Ex-premier in Italy launches campaign tour
Five years ago Silvio Berlusconi went campaigning on board a luxury liner. On Wednesday, the man who hopes to challenge the billionaire premier at next year's election launched a more modest campaign aboard a truck, reported AP.
Romano Prodi began his campaign Wednesday for the country's first national primaries, a vote that will select a center-left candidate for premiership that he is widely expected to win.
"The primaries are a great chance to discuss politics in depth, to get ready for an electoral campaign that will be very difficult, and one in which money and media won't be on our side," Prodi told supporters in a downtown Rome piazza at the kickoff of the campaign, referring to Berlusconi's personal wealth and media empire.
The primaries are held in mid-October. Until then, Prodi, a former Italian premier and ex-EU Commission president, will travel aboard a big yellow truck to a dozen cities across the country.
Speaking from the truck Wednesday and flanked by Rome's mayor and other center-left leaders, Prodi said his campaign would focus on the economy, welfare, education and the youth.
"The truck will touch the country's problems first hand," Prodi was quoted as saying Wednesday in La Stampa.
But an average truck it is not.
A yellow extravaganza featuring the center-left coalition's rainbow symbol, the truck is equipped with 12 loudspeakers and two screens. Measuring 54 feet long, one of its sides can be swung open to create a platform for Prodi to deliver his speeches in Italy's piazzas.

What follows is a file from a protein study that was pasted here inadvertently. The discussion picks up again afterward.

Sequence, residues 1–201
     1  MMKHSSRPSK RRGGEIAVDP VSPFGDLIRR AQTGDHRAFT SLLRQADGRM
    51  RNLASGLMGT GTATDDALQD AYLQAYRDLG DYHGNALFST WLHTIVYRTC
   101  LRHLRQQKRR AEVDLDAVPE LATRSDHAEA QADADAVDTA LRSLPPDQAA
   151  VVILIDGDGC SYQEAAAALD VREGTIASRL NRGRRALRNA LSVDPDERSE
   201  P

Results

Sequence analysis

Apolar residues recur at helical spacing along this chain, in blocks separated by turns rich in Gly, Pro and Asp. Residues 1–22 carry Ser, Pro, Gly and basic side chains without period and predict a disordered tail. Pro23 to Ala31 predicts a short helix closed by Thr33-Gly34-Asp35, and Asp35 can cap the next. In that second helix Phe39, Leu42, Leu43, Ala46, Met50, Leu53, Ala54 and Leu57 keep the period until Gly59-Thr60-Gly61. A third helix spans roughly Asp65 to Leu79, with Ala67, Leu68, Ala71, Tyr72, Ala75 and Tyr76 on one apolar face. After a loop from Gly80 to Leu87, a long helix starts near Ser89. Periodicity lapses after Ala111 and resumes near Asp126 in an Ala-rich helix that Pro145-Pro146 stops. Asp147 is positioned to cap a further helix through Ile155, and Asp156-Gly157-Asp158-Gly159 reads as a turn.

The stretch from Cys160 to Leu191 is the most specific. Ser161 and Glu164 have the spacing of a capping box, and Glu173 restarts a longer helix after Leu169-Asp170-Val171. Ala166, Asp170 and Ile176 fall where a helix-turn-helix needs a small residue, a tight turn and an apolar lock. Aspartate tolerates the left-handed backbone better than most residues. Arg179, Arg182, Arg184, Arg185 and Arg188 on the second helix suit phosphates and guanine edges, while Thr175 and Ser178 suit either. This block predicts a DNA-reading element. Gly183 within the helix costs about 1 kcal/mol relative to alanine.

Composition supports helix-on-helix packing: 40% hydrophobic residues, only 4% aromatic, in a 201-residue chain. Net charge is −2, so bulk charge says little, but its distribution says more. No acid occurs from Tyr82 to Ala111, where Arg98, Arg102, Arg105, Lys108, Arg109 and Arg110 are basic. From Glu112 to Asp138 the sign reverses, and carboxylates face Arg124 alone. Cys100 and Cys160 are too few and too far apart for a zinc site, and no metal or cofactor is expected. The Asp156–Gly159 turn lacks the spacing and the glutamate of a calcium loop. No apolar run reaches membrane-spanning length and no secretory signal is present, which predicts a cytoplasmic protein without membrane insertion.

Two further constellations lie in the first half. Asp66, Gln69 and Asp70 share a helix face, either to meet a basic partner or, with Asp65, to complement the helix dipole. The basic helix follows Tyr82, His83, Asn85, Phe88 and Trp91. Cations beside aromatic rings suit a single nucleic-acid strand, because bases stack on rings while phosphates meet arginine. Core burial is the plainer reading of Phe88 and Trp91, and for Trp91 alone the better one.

Prodi went on a bus campaign ahead of a national election in 1996 that swept his center-left coalition to power and him to the premiership. Berlusconi, Italy's richest man, took to the sea aboard the luxury liner ahead of regional elections held across the country in 2000.
The primaries are a novelty for Italian politics, where candidates battling for the premier's office are usually selected by their respective coalitions. Prodi, a strong supporter of the idea, hopes the process will give his diverse coalition a clear and strong leadership.
Among other candidates are a veteran hard-line Communist lawmaker, the Greens party leader and an anti-corruption magistrate turned politician.
"The primaries are a great democratic tool," said Rosanna Carnovale, a housewife who was at the rally. "While I would have liked Prodi to be the center-left candidate right away, I think it's right that the others have their chance, too."
If he wins the primaries, Prodi says he intends to keep the bus for the electoral campaign against Berlusconi's conservatives for the 2006 vote.
The center-left coalition is currently leading in opinion polls. The government's popularity has declined amid slow economic growth and opposition to Italy's involvement in the Iraq war.